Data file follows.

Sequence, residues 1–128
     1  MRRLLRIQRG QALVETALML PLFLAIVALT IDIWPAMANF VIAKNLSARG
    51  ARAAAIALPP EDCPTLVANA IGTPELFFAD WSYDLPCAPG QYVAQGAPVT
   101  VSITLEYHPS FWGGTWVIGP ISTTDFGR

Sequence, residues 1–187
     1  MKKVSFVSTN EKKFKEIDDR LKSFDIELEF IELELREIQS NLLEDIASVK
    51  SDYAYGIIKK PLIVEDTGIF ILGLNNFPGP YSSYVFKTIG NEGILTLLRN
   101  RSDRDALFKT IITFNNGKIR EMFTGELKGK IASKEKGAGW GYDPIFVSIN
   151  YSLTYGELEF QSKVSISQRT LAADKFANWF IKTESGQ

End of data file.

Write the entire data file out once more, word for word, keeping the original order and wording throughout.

Sequence, residues 1–128
     1  MRRLLRIQRG QALVETALML PLFLAIVALT IDIWPAMANF VIAKNLSARG
    51  ARAAAIALPP EDCPTLVANA IGTPELFFAD WSYDLPCAPG QYVAQGAPVT
   101  VSITLEYHPS FWGGTWVIGP ISTTDFGR

Sequence, residues 1–187
     1  MKKVSFVSTN EKKFKEIDDR LKSFDIELEF IELELREIQS NLLEDIASVK
    51  SDYAYGIIKK PLIVEDTGIF ILGLNNFPGP YSSYVFKTIG NEGILTLLRN
   101  RSDRDALFKT IITFNNGKIR EMFTGELKGK IASKEKGAGW GYDPIFVSIN
   151  YSLTYGELEF QSKVSISQRT LAADKFANWF IKTESGQ